Connor Simms - Principle Consultant, DMJ Recruitment
Diversity, Equity and Inclusion is fundamental to a balanced and representative legal system that can best understand and represent the views of its clients.
A key aspect of this, and one that has received the bulk of publicity and research is into the gender gap between male and female lawyers in positions of power and responsibility. One of the key case studies for gauging this is the ratio of male to female equity partners in London.
Law.com has undertaken in-depth studies into the largest UK-based law firms and only two of the largest 20 feature in the top 25 highest proportion of female partners in the UK. In short, British firms are severely lagging behind their international counterparts.
Withers, Irwin Mitchell and Ropes & Gray topped the ranking with women making up over 40% of the equity partnership at all three. Withers are in first place and boast the only leadership team that is weighted in favour of female partners at 51% whilst the other two are at approximately 41%.
Widening the search to all partners, including both equity and non-equity, Irwin Mitchell topped the table. None of the U.K. elite firms — such as Slaughter and May, Freshfields Bruckhaus Deringer, Clifford Chance, Allen & Overy and Linklaters — made it into the top 25.
Equity is fundamental to providing an excellent service, but it is also crucial to creating supportive teams with representative leadership and fostering a positive working environment for all members of the team.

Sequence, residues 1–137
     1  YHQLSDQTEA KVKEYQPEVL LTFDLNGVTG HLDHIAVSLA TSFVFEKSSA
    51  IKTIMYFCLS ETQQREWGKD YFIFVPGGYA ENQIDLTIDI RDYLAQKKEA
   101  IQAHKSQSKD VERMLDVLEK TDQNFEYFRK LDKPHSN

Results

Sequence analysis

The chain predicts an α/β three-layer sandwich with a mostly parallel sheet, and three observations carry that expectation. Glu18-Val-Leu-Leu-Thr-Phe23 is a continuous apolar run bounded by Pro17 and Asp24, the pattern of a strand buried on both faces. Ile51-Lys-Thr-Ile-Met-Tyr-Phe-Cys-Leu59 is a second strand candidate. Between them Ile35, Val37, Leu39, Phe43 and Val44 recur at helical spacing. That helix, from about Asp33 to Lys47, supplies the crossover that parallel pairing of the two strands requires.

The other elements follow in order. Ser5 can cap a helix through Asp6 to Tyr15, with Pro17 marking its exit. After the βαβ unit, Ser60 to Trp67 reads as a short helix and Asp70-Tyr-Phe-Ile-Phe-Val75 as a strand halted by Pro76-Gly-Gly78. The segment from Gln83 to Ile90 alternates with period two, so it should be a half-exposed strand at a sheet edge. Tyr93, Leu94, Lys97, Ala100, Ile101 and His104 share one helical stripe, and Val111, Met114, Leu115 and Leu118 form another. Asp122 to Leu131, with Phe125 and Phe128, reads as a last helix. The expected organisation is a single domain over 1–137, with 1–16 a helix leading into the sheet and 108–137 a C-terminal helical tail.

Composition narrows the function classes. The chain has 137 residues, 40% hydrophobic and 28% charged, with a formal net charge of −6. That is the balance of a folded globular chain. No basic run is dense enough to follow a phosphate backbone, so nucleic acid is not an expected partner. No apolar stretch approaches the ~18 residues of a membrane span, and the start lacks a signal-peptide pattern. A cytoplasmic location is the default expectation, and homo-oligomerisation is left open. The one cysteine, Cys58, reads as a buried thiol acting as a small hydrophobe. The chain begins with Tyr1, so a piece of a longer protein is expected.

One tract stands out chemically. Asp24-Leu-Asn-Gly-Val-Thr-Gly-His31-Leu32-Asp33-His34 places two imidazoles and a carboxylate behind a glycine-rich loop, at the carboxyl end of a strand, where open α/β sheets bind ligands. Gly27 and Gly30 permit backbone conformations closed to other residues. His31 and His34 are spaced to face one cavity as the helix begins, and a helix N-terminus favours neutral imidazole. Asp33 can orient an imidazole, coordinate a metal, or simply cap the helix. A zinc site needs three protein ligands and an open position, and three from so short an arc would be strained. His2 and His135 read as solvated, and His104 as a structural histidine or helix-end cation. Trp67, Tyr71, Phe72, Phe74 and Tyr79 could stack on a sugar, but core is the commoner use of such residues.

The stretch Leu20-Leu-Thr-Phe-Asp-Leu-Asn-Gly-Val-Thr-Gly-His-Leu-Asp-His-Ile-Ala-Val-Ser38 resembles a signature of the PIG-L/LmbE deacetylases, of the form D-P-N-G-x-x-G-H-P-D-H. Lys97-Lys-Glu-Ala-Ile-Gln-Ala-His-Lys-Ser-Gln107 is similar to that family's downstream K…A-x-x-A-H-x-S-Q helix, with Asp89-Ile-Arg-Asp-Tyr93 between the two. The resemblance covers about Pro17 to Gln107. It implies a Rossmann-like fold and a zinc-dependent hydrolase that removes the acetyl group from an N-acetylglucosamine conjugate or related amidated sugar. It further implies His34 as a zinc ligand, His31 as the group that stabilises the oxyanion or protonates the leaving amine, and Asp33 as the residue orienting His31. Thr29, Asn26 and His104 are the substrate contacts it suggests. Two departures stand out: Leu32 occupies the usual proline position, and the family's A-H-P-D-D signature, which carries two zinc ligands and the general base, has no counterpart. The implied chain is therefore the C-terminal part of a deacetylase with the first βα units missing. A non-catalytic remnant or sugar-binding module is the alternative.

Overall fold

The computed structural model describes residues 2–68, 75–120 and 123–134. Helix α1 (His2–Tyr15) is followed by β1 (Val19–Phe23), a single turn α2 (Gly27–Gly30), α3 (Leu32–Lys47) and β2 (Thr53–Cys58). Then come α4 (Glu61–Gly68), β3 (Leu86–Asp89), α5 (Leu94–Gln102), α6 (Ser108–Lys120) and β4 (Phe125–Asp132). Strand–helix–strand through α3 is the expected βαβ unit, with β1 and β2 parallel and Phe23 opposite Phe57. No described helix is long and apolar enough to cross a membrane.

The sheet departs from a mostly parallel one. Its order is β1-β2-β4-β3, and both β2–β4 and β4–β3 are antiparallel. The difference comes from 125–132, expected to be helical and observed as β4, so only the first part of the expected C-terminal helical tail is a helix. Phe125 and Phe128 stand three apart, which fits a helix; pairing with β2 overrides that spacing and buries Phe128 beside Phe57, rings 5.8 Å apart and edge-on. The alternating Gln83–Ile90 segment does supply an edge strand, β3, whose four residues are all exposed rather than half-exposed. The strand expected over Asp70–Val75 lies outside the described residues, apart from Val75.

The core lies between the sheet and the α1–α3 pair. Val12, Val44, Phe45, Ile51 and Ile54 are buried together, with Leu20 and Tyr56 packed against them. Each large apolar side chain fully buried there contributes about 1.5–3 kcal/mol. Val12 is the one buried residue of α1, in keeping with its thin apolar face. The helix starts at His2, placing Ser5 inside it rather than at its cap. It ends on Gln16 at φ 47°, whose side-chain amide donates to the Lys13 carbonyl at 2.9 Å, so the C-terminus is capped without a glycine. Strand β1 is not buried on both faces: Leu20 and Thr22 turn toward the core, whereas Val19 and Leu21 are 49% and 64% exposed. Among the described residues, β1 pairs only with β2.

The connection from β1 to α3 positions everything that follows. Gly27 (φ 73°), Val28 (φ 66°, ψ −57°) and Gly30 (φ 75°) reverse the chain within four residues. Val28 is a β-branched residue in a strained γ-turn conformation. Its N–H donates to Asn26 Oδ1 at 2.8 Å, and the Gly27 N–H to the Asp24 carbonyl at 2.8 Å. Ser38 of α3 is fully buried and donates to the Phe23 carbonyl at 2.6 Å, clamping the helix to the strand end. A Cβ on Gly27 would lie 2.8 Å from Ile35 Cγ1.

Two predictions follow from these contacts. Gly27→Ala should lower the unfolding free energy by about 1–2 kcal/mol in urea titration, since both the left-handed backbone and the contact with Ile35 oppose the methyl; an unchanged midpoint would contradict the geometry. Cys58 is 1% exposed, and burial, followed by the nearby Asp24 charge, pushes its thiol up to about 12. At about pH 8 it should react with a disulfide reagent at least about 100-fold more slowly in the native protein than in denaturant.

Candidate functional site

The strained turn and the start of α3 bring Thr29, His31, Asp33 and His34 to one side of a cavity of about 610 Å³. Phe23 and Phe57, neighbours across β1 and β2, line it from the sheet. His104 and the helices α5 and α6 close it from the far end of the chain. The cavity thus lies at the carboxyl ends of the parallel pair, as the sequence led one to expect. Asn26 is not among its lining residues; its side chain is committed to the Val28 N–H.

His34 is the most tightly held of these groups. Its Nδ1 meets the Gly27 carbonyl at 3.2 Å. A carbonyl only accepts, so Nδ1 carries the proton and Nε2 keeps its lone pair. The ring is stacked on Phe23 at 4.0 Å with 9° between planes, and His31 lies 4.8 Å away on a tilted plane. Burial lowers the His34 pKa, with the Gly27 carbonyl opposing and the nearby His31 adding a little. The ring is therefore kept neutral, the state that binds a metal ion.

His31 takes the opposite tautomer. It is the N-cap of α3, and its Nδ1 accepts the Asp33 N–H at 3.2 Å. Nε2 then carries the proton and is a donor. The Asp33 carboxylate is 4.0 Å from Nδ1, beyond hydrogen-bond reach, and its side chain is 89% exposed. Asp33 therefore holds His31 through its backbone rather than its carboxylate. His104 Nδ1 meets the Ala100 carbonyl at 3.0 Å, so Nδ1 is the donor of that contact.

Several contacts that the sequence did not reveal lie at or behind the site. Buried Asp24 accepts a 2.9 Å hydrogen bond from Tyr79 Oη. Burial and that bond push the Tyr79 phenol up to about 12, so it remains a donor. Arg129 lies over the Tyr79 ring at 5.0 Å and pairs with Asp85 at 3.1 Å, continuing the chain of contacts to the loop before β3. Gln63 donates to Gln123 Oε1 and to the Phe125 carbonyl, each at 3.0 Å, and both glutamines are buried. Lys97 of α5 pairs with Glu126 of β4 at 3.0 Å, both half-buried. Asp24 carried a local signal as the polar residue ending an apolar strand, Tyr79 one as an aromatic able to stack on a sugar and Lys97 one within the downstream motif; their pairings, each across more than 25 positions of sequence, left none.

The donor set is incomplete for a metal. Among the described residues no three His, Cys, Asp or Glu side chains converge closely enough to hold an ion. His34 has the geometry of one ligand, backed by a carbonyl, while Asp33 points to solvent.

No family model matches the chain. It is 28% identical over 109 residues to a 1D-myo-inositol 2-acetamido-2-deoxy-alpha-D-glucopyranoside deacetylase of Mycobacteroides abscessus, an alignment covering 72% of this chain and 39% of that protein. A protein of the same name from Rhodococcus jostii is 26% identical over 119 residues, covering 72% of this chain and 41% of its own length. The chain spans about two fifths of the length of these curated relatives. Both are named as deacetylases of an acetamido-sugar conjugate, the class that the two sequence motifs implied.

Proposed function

How will this current gender gap leave female solicitors with attempting to gain access to the upper echelon of the field in the future?
There is strength in numbers and female solicitors are on the rise. They first took the majority of the UK field in 2017 and this trend shows no sign of slowing.
In 2022, 69% of students applying to law were female and this is no flash in the pan with numbers steadily rising. Compared to a decade ago, male applications have risen by 2% whilst female applications have risen by 41%. Admissions to the roll in the year that ended July 2021 were 4,181 females to 2,284 males and as of the same date there were approximately 12,000 more women admitted than men.
We have a profession that is now weighted towards females over males and based on those applying to law degrees this gap is only going to widen further in the next 5-10 years and, presumably, beyond that. Of course, partner level positions should be representative of the field itself and what can be done now to correct these discrepancies should be done however, would the gap, without intervention, right itself over the next decade? With females handsomely leading intakes year after year, I would like to think so.
Having said that, this line of thinking can be dangerous and meaningful change to the establishment seldom happens naturally. If you want to be heard, you have to make some noise. Yes, it will become easier for women to enter positions of power as the industry continues to tilt in their favour but that’s no reason to sit and wait. Cultural and social changes are important components in measuring the health of an industry and the gender gap is one of the most important considerations in fostering a positive and inclusive industry culture.